Book Review: Indexing

Book Review: Indexing by Seanan McGuire

Have you ever wished you could have a fairy tale life?  Be the hero of the story, vanquish evil, gain true love and live happily ever after?  Well, the Narrative is here to help!  It loves shoehorning people’s lives into the shape of fairy tales.  Of course, there’s no guarantee it will slot you into one of the good roles.  And have you ever noticed how much death and misery is in your average fairy tale?  Plus, trying to make real life mimic magic has its limitations, often lethal ones.

Indexing

And that’s where the ATI Management Bureau comes in.  Using their knowledge of the Aarne-Thompson Index to Motifs in Folk Literature to spot the Narrative trying to break into reality as we know it, the ATI agents try to thwart the worst effects of the stories on innocent bystanders.  The focus is on the field team led by Henrietta “Henry” Marchen, who is trying to avoid going full Snow White.  She’s assisted by Sloane Winters, an obnoxious woman who has averted the Evil Stepsister role only by not having any family; Jeffrey, the team archivist (who has an affinity for shoes) and Andy, the team normal who handles social interaction.

There’s been a sudden spike in Narrative incursions lately, in particular ones that look like one fairy tale only to morph into more deadly ones.  The team is forced to take on a new member with Pied Piper abilities to solve a case, but then the hits just keep on coming.  Pretty soon it becomes obvious that the Narrative has a mole inside the Bureau itself!

Seanan Mcguire is the author of the October Daye and Incryptids urban fantasy series, as well as writing horror as “Mira Grant.”  This book was her first try at writing a Kindle serial, with chunks published online every two weeks.  (There’s also a sequel.) “Fairy tales are real” is a hot concept in recent years, with the long-running Fables comic book series, the television shows Grimm and Once Upon a Time and a fantasy series I forget the name of set in “The Realms” and having a very similar premise to Indexing.

There are some cool twists to the concept–every time a new adaptation of a fairy tale comes out, it adds variations that the Narrative can use.  Thanks, Disney!  Literary fairy tales with known authors like Peter Pan count too.  Also, the Narrative has figured out how to change up the casting, for example putting a male character in the “Little Mermaid” role.  And then there’s what Henry realizes about the roots of the Snow White story….

This is not, however, the author’s best work.  She was not used to working in serial form, and it shows.  In particular, the chapters repeat basic information over and over on the assumption that the reader might not have read the previous part, or at least not remember the details.  This is most notable in the first half of the book.  On the other hand, it’s interesting watching Ms. McGuire improve as the story goes on.  (I personally would have re-edited the book to eliminate redundancy as was the custom with fix-up novels of the past, but that’s just me.)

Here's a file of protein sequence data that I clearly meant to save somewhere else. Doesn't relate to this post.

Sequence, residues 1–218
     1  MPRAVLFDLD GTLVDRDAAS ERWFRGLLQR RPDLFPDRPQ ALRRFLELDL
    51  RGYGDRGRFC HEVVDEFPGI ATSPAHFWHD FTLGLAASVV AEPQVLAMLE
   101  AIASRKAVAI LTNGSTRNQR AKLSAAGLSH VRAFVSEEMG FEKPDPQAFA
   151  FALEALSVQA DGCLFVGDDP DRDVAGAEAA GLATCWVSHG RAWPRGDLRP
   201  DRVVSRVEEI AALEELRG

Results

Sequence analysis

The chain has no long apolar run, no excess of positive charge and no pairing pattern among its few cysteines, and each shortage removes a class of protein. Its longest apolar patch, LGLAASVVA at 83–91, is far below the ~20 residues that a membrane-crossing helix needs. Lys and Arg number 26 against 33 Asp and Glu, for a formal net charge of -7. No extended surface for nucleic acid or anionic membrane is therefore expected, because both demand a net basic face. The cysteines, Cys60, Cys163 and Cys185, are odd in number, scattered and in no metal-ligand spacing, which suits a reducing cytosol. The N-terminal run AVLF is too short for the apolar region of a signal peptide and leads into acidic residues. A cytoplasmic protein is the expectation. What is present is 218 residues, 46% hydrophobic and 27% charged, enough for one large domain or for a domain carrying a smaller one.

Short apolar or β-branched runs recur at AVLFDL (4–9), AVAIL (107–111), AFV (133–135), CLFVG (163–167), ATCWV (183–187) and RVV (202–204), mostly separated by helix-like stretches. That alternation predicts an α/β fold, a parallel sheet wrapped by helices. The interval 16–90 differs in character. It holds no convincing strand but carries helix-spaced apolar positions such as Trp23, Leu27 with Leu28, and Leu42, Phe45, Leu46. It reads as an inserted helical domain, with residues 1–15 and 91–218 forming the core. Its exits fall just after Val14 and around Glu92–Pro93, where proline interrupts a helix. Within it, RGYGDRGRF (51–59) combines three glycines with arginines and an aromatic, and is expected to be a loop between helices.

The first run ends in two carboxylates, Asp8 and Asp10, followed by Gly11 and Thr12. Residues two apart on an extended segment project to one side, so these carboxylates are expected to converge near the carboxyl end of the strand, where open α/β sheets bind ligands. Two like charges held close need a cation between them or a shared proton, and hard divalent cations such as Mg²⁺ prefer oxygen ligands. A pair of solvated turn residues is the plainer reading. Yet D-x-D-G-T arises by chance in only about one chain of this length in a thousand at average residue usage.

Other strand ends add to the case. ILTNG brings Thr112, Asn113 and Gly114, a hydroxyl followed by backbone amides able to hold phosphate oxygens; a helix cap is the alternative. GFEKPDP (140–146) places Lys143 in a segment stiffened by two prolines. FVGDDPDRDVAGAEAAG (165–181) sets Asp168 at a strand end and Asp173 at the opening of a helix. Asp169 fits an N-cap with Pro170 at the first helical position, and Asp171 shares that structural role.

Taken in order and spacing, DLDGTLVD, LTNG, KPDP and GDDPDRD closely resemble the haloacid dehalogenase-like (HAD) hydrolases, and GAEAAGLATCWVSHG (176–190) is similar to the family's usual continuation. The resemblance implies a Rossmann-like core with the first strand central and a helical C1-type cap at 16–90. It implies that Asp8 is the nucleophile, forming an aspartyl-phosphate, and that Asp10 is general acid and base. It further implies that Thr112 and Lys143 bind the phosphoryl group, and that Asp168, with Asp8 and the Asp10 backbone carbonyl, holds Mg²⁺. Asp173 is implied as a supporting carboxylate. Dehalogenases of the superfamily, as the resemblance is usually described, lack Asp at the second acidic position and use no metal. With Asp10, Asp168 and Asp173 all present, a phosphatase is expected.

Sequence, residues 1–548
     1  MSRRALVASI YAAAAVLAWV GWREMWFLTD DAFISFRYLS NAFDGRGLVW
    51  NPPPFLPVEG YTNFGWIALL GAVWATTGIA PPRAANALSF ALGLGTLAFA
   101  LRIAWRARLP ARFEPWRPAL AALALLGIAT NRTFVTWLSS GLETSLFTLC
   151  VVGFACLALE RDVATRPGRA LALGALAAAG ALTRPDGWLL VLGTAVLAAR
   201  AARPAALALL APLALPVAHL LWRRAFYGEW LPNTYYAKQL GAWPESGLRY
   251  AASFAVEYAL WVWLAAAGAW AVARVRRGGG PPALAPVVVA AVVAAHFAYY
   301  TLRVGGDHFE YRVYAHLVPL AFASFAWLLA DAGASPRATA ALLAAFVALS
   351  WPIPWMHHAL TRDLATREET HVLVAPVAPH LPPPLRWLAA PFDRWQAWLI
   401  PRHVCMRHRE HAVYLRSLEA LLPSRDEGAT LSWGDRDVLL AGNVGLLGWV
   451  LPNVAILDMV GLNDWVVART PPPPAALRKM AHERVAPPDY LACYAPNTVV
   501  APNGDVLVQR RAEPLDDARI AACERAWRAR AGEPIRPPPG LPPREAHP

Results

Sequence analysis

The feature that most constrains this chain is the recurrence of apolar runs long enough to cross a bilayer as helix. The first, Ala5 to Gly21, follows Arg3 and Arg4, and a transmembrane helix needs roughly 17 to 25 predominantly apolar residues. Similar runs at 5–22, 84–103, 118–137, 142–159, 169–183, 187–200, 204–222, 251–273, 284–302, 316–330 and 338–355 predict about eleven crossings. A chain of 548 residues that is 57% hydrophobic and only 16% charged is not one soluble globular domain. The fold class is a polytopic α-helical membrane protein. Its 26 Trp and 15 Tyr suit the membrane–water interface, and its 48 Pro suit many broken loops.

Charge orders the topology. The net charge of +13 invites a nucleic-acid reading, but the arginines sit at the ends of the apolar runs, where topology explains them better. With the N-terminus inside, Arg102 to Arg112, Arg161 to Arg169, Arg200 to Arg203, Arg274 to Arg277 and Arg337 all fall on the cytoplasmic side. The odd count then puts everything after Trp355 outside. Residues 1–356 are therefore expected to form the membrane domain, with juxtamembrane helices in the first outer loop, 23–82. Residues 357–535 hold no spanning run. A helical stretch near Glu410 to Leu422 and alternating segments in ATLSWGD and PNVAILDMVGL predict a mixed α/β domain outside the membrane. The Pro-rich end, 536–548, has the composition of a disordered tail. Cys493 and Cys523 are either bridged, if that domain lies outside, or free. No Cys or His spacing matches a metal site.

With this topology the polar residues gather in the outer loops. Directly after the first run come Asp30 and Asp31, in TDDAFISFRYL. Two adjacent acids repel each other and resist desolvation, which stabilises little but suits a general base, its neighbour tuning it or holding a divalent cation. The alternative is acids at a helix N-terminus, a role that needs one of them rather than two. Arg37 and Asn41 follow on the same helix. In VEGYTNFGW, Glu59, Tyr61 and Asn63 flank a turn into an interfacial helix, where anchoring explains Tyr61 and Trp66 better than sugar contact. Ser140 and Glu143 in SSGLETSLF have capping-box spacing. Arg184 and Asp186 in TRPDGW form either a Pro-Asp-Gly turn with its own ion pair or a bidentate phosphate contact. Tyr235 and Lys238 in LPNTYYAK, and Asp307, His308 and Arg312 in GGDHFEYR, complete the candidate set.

Most of the characterization goes to Henry and Sloane, with Demi (the Pied  Piper) woefully neglected for much of the book.  Sloane’s battle to be wicked but not outright evil is the most enjoyable character arc.

If you’re familiar with fairy tales, you are aware that they often have dark content–there’s suicide, and rape is mentioned, in addition to the usual murder and maiming.  I’m just glad “Manyfurs” and “How the Children Played Butcher” weren’t referenced.

Again, not the author’s best work, but entertaining and worth reading if you’re a fan of dark fairy tales.

 

Book Review: Dark Waters

Book Review: Dark Waters by Michael Merriam

Disclaimer:  My copy is an uncorrected proof; there may be changes in the final product (I am hoping for many less spellchecker typos.)

Many years ago, Richard Martz ran afoul of the law forbidding children who have both mage and fey blood from being born.  His lover and her unborn child were executed in an overreaction by the local magical community, and he overreacted in turn, wiping them all out.  Now he is cursed, his magic crippled and longing for death, but unable to die.

Dark Waters

Richard’s buried himself in an electronics repair job in Minneapolis.  His employer died recently, and Richard is surprised when that man’s daughter, Holly Ellefson, turns up in his apartment that night.  It turns out that she herself is a mage/fey combination, her powers and heritage hidden by her mother’s spell…which was tied to her father’s life.  Now that Holly has no blood relatives, her disguise is fading, and her powers emerging.  She need magical training, and protection from those who would murder her to keep the law.

Richard accepts, but his price is that if he saves her life, Holly must take his.

“Urban fantasy” is a subgenre of fantasy that is generally set in something like the modern day, in real world places (usually cities) and has a theme of magic co-existing with technology and mundane life.  Often, the magical world is hidden from  normal people (see for example the Harry Potter series.)  In this case, the story takes place a century or so in the future, after the magical community suffered a disaster that exposed it to the normal humans.

To protect themselves, the magical community provides magical technology that does not rely on the now nearly exhausted fossil fuels.  Only the wealthy can fully afford this, so much of the rest of society is reverting to earlier technology.  General Mills and the Basilica still stand, but Nicollet Island and the Sculpture Garden are ruins.  There’s a magical Council that polices their own community, and has considerable influence over the normal human government.